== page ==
What does it mean to be productive? That’s the question Dustin Wax asks in his Lifehack.org post, There’s More to Productivity Than Time Management – Lifehack.org.He suggests the typical answer might be, “Getting the most done in the least possible time.”
Once upon at time, efficiency experts and time-management consultants would have been brought into the workplace with one goal in mind: getting the most work possible out of employees. It was a matter of a good “bottom line”.
However, productivity goes far beyond time management. Dustin goes on to say,
“Here’s a different take on what productivity is: You’re being productive when your work is entirely satisfying and fulfilling.”
He touches on some of the qualities that define “entirely satisfying and fulfilling.”
- You grow as a person.
- You enjoy the company of others.
- You are proud of what you’ve completed.
- You feel confident about your abilities.
- You look forward to undertaking the same or similar projects in the future.
- You help others.
- You receive the acclaim of your peers.
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Meetings, meetings, meetings! Can’t live with them, can’t live without them.
It’s estimated that on any given day in the USA, there are 11,000,000 formal meetings held. That works out to well over 200 million meetings per month. Around half of those meetings are 30 to 90 minutes in length.
Another statistic says, during the meeting, nine out of 10 people will daydream, and 73 percent of people will work on other things. That’s a lot of unproductive meeting time.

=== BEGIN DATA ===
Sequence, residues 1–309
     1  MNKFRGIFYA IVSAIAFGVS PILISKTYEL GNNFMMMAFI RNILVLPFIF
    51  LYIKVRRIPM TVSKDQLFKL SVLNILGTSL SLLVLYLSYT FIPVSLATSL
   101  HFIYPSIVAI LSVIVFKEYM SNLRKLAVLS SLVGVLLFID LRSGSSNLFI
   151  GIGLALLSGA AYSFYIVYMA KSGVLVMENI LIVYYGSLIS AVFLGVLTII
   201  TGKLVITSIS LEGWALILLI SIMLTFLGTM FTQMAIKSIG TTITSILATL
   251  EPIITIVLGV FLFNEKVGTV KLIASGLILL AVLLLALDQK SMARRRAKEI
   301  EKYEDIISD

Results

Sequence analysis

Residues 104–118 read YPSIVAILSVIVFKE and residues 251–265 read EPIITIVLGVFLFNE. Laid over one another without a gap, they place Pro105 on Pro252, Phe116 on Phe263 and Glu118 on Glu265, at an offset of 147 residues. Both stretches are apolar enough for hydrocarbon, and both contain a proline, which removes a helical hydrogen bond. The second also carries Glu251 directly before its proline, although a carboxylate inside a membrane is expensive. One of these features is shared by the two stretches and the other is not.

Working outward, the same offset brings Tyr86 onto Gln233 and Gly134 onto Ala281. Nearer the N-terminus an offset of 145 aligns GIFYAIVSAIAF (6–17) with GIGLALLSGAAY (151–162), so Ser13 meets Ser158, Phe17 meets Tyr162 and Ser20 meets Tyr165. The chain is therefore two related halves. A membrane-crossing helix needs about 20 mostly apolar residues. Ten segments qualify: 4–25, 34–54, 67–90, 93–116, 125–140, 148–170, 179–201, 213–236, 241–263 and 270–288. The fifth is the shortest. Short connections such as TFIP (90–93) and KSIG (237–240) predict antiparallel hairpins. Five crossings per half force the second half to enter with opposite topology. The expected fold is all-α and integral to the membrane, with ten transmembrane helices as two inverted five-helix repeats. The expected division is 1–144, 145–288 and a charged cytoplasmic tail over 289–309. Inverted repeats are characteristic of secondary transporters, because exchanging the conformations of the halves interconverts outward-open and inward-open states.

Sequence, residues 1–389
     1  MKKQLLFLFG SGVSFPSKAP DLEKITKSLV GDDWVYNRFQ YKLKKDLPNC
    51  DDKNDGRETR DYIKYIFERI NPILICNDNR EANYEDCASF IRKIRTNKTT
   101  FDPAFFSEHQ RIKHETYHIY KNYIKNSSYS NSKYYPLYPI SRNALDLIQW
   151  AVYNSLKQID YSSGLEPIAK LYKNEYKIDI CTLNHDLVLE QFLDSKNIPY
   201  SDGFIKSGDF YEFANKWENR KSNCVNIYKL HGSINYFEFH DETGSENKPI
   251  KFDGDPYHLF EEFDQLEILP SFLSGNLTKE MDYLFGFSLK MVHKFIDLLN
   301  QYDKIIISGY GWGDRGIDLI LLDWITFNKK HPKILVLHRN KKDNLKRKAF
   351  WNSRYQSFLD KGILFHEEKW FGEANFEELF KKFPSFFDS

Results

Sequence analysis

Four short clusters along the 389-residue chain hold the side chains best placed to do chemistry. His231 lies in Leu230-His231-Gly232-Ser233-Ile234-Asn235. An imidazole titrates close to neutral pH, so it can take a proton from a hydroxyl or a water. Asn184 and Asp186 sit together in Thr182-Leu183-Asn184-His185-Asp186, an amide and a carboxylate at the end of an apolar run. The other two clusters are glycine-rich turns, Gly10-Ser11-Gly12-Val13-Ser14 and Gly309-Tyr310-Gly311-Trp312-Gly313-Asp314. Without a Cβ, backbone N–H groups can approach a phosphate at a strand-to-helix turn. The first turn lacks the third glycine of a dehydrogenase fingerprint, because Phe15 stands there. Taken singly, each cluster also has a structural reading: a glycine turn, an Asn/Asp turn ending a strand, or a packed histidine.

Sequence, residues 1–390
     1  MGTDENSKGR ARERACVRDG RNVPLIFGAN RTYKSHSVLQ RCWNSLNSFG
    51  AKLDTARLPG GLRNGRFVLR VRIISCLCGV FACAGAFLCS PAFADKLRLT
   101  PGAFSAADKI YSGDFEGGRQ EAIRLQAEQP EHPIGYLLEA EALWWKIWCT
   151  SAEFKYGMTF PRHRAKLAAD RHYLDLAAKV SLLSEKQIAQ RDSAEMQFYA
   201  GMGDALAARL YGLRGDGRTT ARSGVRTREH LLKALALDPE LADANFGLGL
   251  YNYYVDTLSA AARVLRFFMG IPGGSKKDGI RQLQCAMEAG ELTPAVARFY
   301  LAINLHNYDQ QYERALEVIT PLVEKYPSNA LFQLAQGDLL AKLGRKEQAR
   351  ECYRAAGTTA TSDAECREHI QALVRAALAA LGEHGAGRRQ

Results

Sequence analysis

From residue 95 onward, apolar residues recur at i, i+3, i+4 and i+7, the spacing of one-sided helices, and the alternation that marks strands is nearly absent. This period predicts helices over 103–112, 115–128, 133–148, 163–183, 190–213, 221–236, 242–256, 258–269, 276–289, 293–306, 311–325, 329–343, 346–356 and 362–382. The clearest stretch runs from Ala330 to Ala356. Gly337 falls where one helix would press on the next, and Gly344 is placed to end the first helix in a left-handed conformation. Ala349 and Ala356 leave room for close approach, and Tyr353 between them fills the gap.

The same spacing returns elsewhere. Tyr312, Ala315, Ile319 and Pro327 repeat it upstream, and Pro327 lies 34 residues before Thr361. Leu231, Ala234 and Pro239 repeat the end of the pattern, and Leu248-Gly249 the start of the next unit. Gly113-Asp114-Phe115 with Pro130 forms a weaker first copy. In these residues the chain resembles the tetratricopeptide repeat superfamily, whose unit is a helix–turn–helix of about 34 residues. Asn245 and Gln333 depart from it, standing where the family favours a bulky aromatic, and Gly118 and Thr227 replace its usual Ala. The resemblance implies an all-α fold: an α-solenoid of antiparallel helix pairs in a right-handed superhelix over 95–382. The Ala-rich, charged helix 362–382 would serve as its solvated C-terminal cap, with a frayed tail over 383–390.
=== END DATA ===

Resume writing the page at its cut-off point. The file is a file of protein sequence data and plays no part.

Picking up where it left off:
There are many ways to make meetings productive. Reportedly,
Oprah Winfrey kicks off every meeting with the same three questions to get everyone engaged and to set clear goals:
What is our intention for this meeting? What’s important? What matters?
High performers seek out clarity; they don’t sit around waiting for things to become clear. A report in the journal “Current Directions in Psychological Science” provides a formula of sorts for what should happen before, during, and after meetings.
After examining nearly 200 studies, the research team found that essentially, productive meetings come down to being clear about your reasons for meeting, while stripping out what’s unimportant to focus on what is important.
Meetings should not include agenda item like “information,” “recap,” ” review,”or “discussion.” Productive meetings often have one-sentence agendas like, “Determine the product launch date” or “Select software developer for database redesign.”
Effective meetings result in decisions: who is going to do what, and when? Clear decisions made efficiently.
At your next meeting, ask Oprah’s three questions. It works for her, it should work for you.
It’s 3:00 in the afternoon and your boss calls from the road and says, “Drop everything, I need this report in an hour.”
Fifteen minutes later another manager comes by looking for last-minute help with a PowerPointpresentation.
Meanwhile, you’ve skipped lunch, a courier is waiting on a delivery from you and the intern is hovering, looking for approval on the next step.
When urgent requests come in from various sources and you’re already pressed for time, how do you handle them?
Here’s four tips: